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Filing details D.C. case against Conway man; he beat officer with flagpole, it says

by Bill Bowden | July 21, 2021 at 7:09 a.m.
Peter Francis Stager (Pulaski County sheriff's office & Arkansas Democrat-Gazette/Thomas Metthe)

A federal prosecutor in the District of Columbia filed a memorandum Tuesday that explains why five men -- including one Arkansan -- are charged in the same case involving the assault of police officers outside the U.S. Capitol on Jan. 6.

"The five Defendants in this matter were involved in a series of armed assaults against three Metropolitan Police Department officers," according to filing from Colleen D. Kukowski, assistant U.S. attorney for the District of Columbia.

Peter Francis Stager, 42, of Conway was indicted by a federal grand jury in February on seven charges -- including assault for reportedly using a flagpole to beat a police officer who was already on the ground.

The other four defendants, charged in case No. 21-cr-35 along with Stager, are Jeffrey Sabol, Michael J. Lopatic Sr., Clayton Ray Mullins and Jack Wade Whitton.

The prosecutor's filing came on the eve of a status hearing in the case scheduled for today.

The officers are identified in Kukowski's filing only by their initials: B.M., A.W. and C.M.

The three officers were protecting the Capitol, wrote Kukowski. They were among Metropolitan Police Department officers "located in the tunnel and archway of the U.S. Capitol's Lower West Terrace, holding the police line to prevent rioters from gaining entry to the building," according to the memorandum.

"At approximately 4:27 p.m., unknown individuals began to assault A.W., knocking him to the ground in the archway," wrote Kukowski. "While A.W. was on the ground, Defendant Sabol stole A.W.'s baton from him, and Defendant Whitton began to strike at B.M. with a crutch and kick at A.W.

"Defendant Whitton eventually grabbed B.M. by the head and helmet, pulled him down and over A.W., and started to drag him down the steps in a prone position."

Whitton and Sabol "proceeded to drag B.M. into the crowd of rioters," according to the court filing.

"Once B.M. was dragged into the crowd, Defendant Stager began to beat B.M. with an American flag on a pole," wrote Kukowski. "Meanwhile, Defendant Mullins grabbed A.W.'s leg and pulled him into the crowd. Defendant Mullins also shoved B.M. in the head as B.M. attempted to climb up the stairs to return to the police line. As these assaults were occurring, C.M. reached out to rescue his colleagues, at which point Defendant Lopatic began to punch C.M. about the body and grabbed at his neck."

Lopatic then made his way through the crowd to B.M. and stole his body-worn camera, according to the court filing.

"As a result of the assaults, B.M. sustained minor bruising to his left shoulder and an abrasion to his nose and right cheek and A.W. suffered a laceration to his head that required two staples to close," wrote Kukowski.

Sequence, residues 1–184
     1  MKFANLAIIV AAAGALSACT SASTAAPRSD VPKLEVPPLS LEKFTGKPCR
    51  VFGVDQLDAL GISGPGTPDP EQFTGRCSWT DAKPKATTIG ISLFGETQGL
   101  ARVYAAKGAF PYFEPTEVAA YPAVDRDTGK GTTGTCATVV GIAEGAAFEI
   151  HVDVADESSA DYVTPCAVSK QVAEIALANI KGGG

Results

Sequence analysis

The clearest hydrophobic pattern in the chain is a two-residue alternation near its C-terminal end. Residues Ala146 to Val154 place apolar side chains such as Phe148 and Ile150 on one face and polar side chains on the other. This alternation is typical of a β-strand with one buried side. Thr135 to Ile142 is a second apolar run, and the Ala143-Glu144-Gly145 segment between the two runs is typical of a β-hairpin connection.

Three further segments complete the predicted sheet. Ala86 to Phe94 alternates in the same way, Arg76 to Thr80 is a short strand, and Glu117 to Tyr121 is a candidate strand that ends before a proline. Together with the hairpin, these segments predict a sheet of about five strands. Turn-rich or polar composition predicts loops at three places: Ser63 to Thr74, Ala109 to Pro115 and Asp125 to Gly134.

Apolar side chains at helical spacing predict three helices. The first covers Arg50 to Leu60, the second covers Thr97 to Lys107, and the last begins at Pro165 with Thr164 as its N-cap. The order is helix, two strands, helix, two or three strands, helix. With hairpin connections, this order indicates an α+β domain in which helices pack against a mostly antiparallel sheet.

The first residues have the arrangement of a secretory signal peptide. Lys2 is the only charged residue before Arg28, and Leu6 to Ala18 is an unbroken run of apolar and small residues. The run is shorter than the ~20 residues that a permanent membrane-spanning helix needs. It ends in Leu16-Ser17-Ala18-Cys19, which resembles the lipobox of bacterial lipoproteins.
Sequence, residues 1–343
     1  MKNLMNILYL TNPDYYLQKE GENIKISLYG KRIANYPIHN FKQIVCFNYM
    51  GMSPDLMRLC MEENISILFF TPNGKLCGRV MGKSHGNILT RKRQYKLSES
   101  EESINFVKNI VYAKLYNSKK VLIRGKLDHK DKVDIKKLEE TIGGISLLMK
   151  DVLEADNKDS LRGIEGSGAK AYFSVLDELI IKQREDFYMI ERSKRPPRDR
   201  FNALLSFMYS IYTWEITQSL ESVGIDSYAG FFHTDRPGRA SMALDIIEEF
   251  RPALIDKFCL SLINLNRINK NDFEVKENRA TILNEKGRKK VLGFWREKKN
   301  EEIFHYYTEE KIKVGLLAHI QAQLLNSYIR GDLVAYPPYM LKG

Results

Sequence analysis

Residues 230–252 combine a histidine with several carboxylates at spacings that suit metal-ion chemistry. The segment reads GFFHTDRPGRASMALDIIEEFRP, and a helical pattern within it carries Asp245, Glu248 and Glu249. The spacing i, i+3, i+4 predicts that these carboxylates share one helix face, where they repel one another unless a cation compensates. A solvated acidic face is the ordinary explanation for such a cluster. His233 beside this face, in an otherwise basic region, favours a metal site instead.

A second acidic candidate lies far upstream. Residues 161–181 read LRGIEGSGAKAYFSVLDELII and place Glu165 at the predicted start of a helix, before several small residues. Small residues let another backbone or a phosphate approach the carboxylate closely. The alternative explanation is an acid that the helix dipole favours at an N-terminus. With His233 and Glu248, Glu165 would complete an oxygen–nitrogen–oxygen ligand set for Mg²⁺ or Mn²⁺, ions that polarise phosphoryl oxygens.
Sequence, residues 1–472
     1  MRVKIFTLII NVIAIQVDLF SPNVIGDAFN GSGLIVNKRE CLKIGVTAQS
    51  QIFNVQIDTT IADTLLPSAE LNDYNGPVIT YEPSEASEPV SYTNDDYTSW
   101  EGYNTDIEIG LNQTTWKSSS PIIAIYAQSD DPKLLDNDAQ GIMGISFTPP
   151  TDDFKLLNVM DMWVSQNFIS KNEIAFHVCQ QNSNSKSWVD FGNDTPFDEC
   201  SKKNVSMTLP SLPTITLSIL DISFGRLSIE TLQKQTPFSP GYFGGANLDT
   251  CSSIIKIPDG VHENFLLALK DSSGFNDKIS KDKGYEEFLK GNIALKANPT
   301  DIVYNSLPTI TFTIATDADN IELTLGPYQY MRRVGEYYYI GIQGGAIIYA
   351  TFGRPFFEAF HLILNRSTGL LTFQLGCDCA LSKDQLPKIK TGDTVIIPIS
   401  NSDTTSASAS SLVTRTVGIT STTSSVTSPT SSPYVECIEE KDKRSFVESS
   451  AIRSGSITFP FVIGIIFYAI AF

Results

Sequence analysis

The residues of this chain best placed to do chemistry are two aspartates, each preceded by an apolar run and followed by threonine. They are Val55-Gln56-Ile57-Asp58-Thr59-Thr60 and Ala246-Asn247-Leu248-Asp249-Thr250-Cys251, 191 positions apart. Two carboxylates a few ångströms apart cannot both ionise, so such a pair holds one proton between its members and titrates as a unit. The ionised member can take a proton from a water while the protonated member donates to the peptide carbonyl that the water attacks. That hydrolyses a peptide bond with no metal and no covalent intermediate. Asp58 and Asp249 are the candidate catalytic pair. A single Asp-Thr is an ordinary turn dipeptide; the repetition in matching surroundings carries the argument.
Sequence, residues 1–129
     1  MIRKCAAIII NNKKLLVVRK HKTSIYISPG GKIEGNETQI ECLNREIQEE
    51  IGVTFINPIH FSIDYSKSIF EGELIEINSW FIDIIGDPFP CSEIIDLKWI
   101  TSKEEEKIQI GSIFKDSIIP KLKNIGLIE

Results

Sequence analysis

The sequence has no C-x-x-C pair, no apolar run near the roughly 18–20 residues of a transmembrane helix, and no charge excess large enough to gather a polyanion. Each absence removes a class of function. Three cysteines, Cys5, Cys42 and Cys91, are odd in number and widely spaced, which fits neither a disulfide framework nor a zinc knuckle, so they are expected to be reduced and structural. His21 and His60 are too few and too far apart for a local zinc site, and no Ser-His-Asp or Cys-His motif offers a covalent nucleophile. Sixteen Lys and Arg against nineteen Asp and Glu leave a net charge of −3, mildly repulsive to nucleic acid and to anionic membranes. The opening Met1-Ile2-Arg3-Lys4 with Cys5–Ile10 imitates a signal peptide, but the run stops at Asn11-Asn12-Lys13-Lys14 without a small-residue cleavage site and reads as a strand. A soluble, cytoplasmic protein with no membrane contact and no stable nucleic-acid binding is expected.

According to a "statement of facts" filed by federal prosecutors in January, Stager told a confidential informant that he didn't know the man he was striking on the ground with the flagpole was a cop and that he thought the person he was striking was "antifa."

Kukowski's memorandum was an update on the status of discovery in the case.

The Jan. 6 riot escalated from a "Stop the Steal" rally in support of former President Donald Trump. The mob entered the Capitol and attempted to prevent Congress from recognizing Democrat Joe Biden's victory in the presidential election. Five people died in connection with the riot.

"The investigation and prosecution of the Capitol Breach will be the largest in American history, both in terms of the number of defendants prosecuted and the nature and volume of the evidence," wrote Kukowski. "In the six months since the Capitol was breached, over 500 individuals located throughout the nation have been charged with a multitude of criminal offenses. ... There are investigations open in 55 of the Federal Bureau of Investigation's 56 field offices."

The government has accumulated "voluminous materials" that may contain discoverable information for many of the defendants, wrote Kukowski. Among other things, those materials include thousands of hours of closed circuit video, thousands of hours of body-worn camera footage from police, and hundreds of thousands of tips, including at least 237,000 digital media tips.

All five have pleaded innocent.

Stager is charged with:

• 18 U.S.C. 111(a)(1) and (b); Assaulting, Resisting, or Impeding Certain Officers Using a Dangerous Weapon.

• 18 U.S.C. 1512(c)(2) and 2; Obstruction of an Official Proceeding and Aiding and Abetting.

• 18 U.S.C. 231(a)(3); Civil Disorder.

• 18 U.S.C. 1752(a)(1) and (b)(1)(A); Entering and Remaining in a Restricted Building or Grounds with a Deadly or Dangerous Weapon.

• 18 U.S.C. 1752(a)(2) and (b)(1)(A); Disorderly and Disruptive Conduct in a Restricted Building or Grounds with a Deadly or Dangerous Weapon.

• 18 U.S.C. 1752(a)(4) and (b)(1)(A); Engaging in Physical Violence in a Restricted Building or Grounds with a Deadly or Dangerous Weapon.

• 40 U.S.C. 5104(e)(2)(F); Violent Entry and Disorderly Conduct in a Capitol Building.

Matthew Wilson, an attorney with Price Benowitz LLP in Washington, D.C., has been retained to represent Stager, according to another filing in the case Tuesday.

Stager has remained in jail in the District of Columbia since his arrest in January.

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